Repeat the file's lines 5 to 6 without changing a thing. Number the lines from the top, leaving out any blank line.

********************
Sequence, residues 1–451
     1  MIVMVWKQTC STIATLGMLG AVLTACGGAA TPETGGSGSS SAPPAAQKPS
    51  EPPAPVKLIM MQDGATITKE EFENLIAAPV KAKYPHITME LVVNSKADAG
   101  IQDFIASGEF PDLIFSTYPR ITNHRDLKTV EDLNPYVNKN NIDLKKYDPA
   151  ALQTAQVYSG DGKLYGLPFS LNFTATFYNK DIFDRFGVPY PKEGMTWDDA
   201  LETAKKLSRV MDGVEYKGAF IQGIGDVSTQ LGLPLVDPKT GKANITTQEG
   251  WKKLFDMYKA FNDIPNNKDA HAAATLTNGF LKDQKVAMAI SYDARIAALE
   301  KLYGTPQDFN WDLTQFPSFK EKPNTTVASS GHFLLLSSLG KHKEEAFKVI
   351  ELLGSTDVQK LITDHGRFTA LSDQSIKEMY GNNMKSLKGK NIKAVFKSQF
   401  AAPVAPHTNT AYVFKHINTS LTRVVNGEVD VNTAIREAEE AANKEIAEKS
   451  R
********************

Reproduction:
   151  ALQTAQVYSG DGKLYGLPFS LNFTATFYNK DIFDRFGVPY PKEGMTWDDA
   201  LETAKKLSRV MDGVEYKGAF IQGIGDVSTQ LGLPLVDPKT GKANITTQEG